α1-Adrenergic receptor-induced slow rhythmicity in nonrespiratory cervical motoneurons of neonatal rat spinal cord
European Journal of Neuroscience. 2000-08-01; 12(8): 2950-2966
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1. Eur J Neurosci. 2000 Aug;12(8):2950-66.
alpha1-adrenergic receptor-induced slow rhythmicity in nonrespiratory cervical
motoneurons of neonatal rat spinal cord.
Morin D(1), Bonnot A, Ballion B, Viala D.
(1)Laboratoire de Neurobiologie des Réseaux, UMR CNRS 5816, Université Bordeaux
1, avenue des Facultés, 33405 Talence Cedex, France.
Previous studies have reported that the alpha1-adrenergic system can activate
spinal rhythm generators belonging to the central respiratory network. In order
to analyse alpha1-adrenergic effects on both cranial and spinal motoneuronal
activity, phenylephrine (1-800 microM) was applied to in vitro preparations of
neonatal rat brainstem-spinal cord. High concentration of phenylephrine
superfusion exerted multiple effects on spinal cervical outputs (C2-C6),
consisting of a lengthening of respiratory period and an increase in inspiratory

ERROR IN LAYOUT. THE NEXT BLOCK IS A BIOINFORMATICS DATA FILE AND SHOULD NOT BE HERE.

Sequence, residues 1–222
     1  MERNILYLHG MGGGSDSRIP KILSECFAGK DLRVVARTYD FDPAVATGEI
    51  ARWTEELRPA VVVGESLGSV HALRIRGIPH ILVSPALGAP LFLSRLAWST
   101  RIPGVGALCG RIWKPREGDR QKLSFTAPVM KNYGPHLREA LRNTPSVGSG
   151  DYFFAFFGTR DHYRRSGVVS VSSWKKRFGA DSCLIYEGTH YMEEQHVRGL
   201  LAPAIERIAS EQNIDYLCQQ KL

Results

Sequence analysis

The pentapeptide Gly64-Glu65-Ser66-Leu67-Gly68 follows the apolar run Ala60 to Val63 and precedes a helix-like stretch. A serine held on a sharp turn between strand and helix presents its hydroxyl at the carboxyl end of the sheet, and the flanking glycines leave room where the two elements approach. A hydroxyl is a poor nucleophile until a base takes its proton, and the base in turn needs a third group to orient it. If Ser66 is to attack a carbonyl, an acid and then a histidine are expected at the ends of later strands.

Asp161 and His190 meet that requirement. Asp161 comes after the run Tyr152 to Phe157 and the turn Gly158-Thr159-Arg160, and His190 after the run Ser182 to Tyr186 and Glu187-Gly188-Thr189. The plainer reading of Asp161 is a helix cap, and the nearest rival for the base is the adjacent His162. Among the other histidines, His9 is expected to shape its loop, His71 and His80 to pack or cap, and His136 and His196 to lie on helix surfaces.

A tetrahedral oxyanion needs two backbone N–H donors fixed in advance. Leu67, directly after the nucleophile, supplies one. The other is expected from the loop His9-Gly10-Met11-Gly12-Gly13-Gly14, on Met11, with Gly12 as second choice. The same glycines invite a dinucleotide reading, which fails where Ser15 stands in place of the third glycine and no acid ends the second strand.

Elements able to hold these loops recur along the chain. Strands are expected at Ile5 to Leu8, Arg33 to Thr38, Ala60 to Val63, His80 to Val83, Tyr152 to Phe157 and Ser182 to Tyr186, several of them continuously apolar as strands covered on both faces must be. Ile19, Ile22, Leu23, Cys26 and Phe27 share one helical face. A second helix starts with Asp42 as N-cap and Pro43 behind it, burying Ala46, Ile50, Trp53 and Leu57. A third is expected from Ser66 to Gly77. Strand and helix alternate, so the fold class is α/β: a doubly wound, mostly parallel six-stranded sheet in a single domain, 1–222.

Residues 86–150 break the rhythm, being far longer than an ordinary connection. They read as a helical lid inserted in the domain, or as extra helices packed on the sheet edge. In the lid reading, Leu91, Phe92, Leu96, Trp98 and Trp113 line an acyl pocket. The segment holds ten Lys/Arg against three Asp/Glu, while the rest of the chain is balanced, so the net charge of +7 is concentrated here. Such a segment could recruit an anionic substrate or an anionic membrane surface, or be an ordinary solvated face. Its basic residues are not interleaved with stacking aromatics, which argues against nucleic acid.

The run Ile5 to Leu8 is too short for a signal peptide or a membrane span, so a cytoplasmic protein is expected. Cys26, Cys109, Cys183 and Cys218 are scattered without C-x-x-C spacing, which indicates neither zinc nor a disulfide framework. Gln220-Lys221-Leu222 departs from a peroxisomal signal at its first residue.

burst duration. Furthermore, in 55% of cases a slow motor rhythm recorded from
the same spinal outputs was superimposed on the inspiratory activity. However,
this phenylephrine-induced slow motor rhythm generated at the spinal level was
observed neither in inspiratory cranial nerves (glossopharyngeal, vagal and
hypoglossal outputs) nor in phrenic nerves. Whole-cell patch-clamp recordings
were carried out on cervical motoneurons (C4-C5), to determine first which
motoneurons were involved in this slow rhythm, and secondly the cellular events
underlying direct phenylephrine effects on motoneurons. In all types of
motoneurons (inspiratory and nonrespiratory) phenylephrine induced a prolonged
depolarization with an increase in neuronal excitability. However, only
nonrespiratory motoneurons showed additional rhythmic membrane depolarizations
(with spiking) occurring in phase with the slow motor rhythm recorded from the
ventral root. Furthermore the tonic depolarization produced in all motoneurons
results from an inward current [which persists in the presence of tetrodotoxin
(TTX)] associated with a decrease in neuron input conductance, with a reversal
potential varying as a Nernstian function of extracellular K+ concentration. Our
results indicate that the alpha1-adrenoceptor activation: (i) affects both the
central respiratory command (i.e. respiratory period and inspiratory burst
duration) and spinal inspiratory outputs; (ii) induces slow spinal motor
rhythmicity, which is unlikely to be related to the respiratory system; and
(iii), increases motoneuronal excitability, probably through a decrease in
postsynaptic leak K+ conductance.
PMID: 10971636 [Indexed for MEDLINE]